At the other end of the spectrum is the “cry it out” method. After the first few weeks or months (our pediatrician said absolutely never before 4-months old), the baby is fed, cuddled, and comforted into a state of contentment, and then put in the crib, whether asleep or not. Then if the baby cries, you check in at ever-lengthening intervals to offer comfort, but you never pick the baby up. Eventually, the baby will stop crying (from total exhaustion?) and go to sleep. I know parents who swear by CIO, but it didn’t appeal to me at all. We still hold him and give him his night-night bottle until he is asleep. If he cries, we pick him up. It feels right to us, so it’s the right thing to do. But then again, I’m a stay-at-home parent right now. I don’t have to get up for work outside the home, so I can nap during the day when he does. I completely understand why parents who both work outside the home must sleep-train a baby using CIO. No judgement from me, honestly.

I think we ended up doing a modified version of attachment parenting. I bought a baby sling, and it was one of the best items we bought for him. The other was the Elmo ABCs app for the iPad, which cost $1.99, I think, but is PRICELESS to us. It is baby magic! All I have to do is say “Elmo” and hold up the iPad, and he is hypnotized. For all we know, there is a subliminal message embedded in this app saying “grow up and buy cigarettes and beer,” and even if it does, I think we might still use it. It is just that magically effective for quieting him down in any situation.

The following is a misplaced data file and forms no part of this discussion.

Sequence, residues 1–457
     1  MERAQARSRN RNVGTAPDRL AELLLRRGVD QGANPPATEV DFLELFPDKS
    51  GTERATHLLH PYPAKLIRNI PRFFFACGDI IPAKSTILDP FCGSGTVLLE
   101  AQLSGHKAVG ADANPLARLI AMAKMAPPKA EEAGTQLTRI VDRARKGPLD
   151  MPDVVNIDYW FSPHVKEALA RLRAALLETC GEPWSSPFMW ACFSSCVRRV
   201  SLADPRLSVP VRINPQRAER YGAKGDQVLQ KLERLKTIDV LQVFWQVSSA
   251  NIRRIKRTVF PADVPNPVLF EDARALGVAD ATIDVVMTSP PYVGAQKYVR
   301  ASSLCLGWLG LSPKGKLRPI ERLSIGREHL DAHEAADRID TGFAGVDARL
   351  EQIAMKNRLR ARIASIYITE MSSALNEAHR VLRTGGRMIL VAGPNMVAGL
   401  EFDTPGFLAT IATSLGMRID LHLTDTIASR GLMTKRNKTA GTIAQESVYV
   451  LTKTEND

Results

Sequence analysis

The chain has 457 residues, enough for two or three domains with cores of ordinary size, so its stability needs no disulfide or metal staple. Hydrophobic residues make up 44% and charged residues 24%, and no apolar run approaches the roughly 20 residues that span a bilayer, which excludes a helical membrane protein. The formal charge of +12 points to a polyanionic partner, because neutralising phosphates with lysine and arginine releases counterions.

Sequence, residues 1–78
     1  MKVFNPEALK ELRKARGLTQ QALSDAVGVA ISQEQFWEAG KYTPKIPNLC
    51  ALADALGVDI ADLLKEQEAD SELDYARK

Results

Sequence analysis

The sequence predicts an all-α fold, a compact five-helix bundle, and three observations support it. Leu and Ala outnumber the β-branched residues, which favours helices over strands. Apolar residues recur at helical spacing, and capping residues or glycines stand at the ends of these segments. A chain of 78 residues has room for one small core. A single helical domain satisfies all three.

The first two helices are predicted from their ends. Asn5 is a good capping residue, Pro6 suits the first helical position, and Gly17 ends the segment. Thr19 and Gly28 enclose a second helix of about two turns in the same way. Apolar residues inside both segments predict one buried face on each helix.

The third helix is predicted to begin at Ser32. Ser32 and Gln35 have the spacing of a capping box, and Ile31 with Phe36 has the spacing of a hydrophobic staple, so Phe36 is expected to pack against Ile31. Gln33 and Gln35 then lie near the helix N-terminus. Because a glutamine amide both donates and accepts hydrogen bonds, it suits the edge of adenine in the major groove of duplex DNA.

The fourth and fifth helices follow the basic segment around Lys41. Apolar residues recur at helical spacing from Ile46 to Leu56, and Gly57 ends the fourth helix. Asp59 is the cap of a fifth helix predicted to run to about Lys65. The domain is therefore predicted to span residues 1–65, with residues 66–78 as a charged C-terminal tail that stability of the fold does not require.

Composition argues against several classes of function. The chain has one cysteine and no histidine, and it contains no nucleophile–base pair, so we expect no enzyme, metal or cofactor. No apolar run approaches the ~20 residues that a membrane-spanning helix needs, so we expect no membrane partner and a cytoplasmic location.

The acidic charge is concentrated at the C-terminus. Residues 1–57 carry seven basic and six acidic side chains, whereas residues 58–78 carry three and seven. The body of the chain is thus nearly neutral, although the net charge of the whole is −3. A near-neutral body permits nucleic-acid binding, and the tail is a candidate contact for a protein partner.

For a while we did end up doing “family bed” too. I never meant to, because I do worry about the risks of rolling over on him, but then in the middle of an almost sleepless night where nothing was calming him, he fell asleep breastfeeding and I was not going to risk picking him up and putting him back in the crib. And voila! An advocate of family bed was born. Turns out, he doesn’t dig it though. After a while, he started throwing his little arms around slapping us upside the head until we’d wake up and put him back in his crib. We both snore. Maybe we were causing him to lose sleep?

Here we are, almost at his first birthday. He still doesn’t really sleep through the night, but he sleeps mostly through the night. He almost always goes to sleep around 8-ish and he almost always takes 2 naps during the day. Except for when he doesn’t. We take him on frequent road trips at all hours, disrupting any semblance of a routine. And yet, he is a joy almost always. Except when he isn’t. What more can a parent ask?

My great-grandmother had thirteen children, ten of whom lived to adulthood. She was an illiterate immigrant from Ireland who was widowed while pregnant with her 13th child, my grandmother. She refused to allow any of the boys go to work in the coal mines of northeast Pennsylvania, although that was the norm. Some boys started working as young as 5-years-old. I bet in her day, she was considered a wild-eyed hippie, liberal, helicopter, whacko attachment parent. Times change.

Next time: The day I dreaded for six months comes….

Thanks for following and reading! I’d love to hear your story of IVF. Please leave your comments below.

© 2012